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  • craigpurcell

    Certainly reusing (if only temporarily) existing urban fabric in deindustrialized rustbelt American cities and taking advantage of abandoned open space & streets are the places where the architectural revolution will begin.

    Property owners who are holding onto abandoned and vacant buildings which degrade the civic realm need a mindset change. Perhaps new forms of local financing need to happen that will go around the banking system per link below:

    Something has to change.

  • Marcus F

    Interesting article. Dieben's ideas on the future roll of architects reflect a drive towards towards interdisciplinary, socially aware and sustainable practice that seems to be taking place across the design professions.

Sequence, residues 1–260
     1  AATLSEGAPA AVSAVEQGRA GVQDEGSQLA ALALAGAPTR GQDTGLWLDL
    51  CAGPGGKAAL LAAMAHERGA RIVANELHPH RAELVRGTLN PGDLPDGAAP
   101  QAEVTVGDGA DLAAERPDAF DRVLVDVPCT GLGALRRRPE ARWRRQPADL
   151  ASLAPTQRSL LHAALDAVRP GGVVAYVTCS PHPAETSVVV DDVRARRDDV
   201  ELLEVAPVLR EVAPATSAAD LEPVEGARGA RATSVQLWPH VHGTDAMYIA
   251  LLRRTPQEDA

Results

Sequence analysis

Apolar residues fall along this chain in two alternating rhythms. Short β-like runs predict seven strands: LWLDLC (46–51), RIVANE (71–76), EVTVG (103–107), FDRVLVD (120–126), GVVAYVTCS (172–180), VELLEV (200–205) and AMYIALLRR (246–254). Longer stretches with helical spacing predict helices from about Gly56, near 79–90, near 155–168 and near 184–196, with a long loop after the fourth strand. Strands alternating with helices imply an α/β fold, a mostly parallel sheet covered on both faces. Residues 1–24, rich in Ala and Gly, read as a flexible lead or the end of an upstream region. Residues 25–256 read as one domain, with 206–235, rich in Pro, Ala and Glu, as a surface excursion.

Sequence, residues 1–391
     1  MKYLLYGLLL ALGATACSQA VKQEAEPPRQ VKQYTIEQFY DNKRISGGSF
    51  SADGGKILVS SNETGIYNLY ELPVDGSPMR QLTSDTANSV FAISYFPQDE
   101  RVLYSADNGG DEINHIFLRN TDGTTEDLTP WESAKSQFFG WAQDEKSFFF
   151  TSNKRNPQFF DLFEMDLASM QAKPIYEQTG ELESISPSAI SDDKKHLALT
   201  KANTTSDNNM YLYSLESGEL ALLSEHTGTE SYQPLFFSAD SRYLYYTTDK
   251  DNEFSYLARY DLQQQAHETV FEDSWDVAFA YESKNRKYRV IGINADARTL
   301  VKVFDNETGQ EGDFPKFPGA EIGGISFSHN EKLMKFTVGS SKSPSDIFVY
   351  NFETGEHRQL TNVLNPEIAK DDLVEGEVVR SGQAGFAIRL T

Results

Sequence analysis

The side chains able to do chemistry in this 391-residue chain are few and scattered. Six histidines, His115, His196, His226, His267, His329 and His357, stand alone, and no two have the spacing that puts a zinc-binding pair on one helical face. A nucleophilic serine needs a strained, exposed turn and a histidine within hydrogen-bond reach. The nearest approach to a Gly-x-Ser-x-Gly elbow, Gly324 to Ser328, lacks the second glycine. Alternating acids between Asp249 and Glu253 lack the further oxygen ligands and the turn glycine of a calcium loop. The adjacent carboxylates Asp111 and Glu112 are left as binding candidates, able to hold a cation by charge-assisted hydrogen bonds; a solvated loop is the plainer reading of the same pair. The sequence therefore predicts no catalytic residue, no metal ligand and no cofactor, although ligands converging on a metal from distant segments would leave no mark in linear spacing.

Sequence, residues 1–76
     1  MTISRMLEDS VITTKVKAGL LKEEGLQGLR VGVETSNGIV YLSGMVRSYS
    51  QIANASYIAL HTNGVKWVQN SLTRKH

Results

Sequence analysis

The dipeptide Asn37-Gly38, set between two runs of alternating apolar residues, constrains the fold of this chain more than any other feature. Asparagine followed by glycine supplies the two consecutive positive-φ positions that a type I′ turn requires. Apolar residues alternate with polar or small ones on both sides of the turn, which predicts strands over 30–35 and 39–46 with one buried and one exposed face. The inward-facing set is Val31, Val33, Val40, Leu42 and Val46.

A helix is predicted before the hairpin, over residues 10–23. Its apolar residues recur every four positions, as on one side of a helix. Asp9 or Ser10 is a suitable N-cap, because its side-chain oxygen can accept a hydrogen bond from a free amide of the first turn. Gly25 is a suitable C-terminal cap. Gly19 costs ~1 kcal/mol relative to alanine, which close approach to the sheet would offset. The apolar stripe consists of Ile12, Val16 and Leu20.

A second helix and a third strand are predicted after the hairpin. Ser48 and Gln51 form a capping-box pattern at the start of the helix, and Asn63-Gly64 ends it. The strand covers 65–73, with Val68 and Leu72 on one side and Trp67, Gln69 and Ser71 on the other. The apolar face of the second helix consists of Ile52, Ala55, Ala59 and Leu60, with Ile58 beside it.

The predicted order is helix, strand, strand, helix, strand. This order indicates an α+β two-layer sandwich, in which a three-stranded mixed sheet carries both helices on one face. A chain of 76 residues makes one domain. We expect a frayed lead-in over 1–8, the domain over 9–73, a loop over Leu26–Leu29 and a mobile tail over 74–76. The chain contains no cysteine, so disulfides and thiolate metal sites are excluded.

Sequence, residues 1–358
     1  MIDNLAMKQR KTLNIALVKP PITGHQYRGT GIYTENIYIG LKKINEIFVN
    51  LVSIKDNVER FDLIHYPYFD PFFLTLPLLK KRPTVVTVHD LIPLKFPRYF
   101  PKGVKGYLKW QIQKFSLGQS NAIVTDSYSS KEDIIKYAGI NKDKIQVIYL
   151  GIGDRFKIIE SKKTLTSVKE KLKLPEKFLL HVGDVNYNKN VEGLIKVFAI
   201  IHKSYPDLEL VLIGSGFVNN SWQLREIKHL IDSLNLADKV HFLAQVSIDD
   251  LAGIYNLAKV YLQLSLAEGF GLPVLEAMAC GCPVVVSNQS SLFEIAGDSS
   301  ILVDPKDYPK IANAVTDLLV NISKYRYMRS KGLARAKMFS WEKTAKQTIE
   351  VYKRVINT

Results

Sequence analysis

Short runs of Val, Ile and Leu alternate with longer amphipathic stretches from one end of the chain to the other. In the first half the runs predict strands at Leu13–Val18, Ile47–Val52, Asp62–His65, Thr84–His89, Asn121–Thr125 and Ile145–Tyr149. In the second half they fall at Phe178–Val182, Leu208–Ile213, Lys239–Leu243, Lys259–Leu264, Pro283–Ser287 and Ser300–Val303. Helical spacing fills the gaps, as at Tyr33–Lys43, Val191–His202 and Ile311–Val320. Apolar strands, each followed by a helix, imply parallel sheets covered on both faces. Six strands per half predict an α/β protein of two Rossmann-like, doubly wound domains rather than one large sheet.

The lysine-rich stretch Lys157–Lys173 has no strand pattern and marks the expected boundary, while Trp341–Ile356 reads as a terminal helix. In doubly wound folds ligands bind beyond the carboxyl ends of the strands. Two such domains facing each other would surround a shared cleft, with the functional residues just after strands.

One problem though... what exactly is a "Neo-Idealist" architect? Even after some extensive googling I couldn't tell you if that means anything in the world of contemporary architecture.

    • Phillip Gangan

      Thank you very much for your kind words. Indeed, the architect profession is rapidly evolving, incorporating sustainability, conservation and social awareness in the quest for creative design solutions.

      To be honest, they themselves have coined the term "Neo-idealist" in relation to their practice. You could always ask them yourself ( I know for a fact that they will be more than happy to explain and to further the conversation on the future of architecture.